When I see a game is being released and see that it is free to play, I inevitable give a sigh and a shake of the head. The advantage, of course, is that you can potentially get more gamers trying out the game because it's free. The disadvantage is that most of these games incentivise paying money.They're there to make money - which is fair enough, but an in-game currency almost always results in it having an effect on the gameplay. 

Examples are buying items which make you stronger (Pay to Win), or paying to improve the speed of progression. This wouldn't be too bad, but they almost inevitably slow down the standard progression to an absolute chore making it almost a requirement to pay.

My overall feeling is that these free to play games become weaker games because of the payment model. There must be millions out there like me that do not like that and, in the end, it discourages you from playing the game. I have always stopped playing these games (except the time mentioned above) because the enforced gameplay changes/weaknesses and future costs make it so unappealing. In the end, logic tells you that their free to play model is aimed at taking a LOT more money from some customers than all customers who buy a game at the start. That immediately highlights a free to play game as a bit of a con right from the beginning!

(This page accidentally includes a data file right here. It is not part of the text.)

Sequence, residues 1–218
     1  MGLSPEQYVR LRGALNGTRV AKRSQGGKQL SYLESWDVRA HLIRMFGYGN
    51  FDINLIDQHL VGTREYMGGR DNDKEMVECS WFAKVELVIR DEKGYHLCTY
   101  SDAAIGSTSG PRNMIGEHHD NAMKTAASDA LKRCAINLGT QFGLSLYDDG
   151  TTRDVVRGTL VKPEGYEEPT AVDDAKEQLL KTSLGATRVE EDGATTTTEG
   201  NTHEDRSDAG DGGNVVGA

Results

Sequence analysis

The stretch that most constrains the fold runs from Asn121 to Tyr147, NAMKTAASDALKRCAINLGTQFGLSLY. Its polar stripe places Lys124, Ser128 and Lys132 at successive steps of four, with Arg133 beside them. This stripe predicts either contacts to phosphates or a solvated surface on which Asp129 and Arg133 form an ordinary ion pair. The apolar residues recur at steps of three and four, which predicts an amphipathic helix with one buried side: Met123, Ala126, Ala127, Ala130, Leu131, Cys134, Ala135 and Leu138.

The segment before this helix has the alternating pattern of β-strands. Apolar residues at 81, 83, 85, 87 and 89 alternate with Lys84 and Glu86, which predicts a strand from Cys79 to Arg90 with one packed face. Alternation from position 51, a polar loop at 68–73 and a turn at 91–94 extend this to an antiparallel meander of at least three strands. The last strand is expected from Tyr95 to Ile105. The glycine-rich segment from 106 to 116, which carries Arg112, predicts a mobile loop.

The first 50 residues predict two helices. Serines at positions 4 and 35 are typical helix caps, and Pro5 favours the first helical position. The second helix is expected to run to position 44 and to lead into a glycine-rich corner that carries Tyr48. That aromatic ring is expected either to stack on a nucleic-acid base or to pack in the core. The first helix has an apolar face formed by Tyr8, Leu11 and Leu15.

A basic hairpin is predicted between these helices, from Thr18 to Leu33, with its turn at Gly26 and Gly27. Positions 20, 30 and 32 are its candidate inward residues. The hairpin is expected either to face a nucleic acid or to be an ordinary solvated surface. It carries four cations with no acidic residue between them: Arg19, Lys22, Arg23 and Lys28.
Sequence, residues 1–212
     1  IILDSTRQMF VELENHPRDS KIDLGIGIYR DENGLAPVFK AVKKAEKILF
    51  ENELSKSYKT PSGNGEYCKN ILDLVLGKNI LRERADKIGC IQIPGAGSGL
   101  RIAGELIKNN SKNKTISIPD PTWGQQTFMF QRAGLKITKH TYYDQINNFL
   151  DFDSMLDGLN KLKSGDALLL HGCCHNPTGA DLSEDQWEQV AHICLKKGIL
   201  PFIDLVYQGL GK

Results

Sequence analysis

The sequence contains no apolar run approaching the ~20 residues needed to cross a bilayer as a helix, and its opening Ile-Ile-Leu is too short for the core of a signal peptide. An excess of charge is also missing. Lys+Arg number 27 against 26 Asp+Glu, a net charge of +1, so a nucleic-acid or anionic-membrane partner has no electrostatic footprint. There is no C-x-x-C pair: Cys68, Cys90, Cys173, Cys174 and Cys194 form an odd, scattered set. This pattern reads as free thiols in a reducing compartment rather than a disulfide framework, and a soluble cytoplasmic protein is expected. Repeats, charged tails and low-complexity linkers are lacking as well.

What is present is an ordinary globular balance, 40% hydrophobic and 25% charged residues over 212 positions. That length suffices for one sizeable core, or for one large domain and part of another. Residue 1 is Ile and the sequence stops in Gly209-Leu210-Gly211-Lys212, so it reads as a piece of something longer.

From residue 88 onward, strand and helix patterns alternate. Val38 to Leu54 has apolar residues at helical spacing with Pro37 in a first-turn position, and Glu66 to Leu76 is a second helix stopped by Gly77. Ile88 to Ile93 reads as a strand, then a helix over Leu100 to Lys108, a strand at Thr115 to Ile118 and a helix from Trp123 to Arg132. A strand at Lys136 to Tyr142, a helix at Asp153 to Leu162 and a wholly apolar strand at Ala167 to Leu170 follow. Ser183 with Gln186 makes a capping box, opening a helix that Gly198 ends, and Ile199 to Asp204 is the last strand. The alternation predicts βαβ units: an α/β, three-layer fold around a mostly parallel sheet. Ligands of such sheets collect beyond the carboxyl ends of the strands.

I don't want to sound like someone who wants something for nothing - quite the opposite! My preference is to buy a game and get the full game with no in-game shops affecting the play. No more payments, no refunds - just buy it and play it if you like it. I have wasted a fair amount of cash on games that I didn't enjoy, but also got more than my money's worth from other games.

I can't help but think that offering a demo or trial of a game and then buying the full game is the best option for a quality product. Even the sub-model is something worthwhile - if you've got past the first month and still want to play then maybe it is worth your money - at least you know what you're getting and that nobody with a bigger wallet is gaining an advantage over you.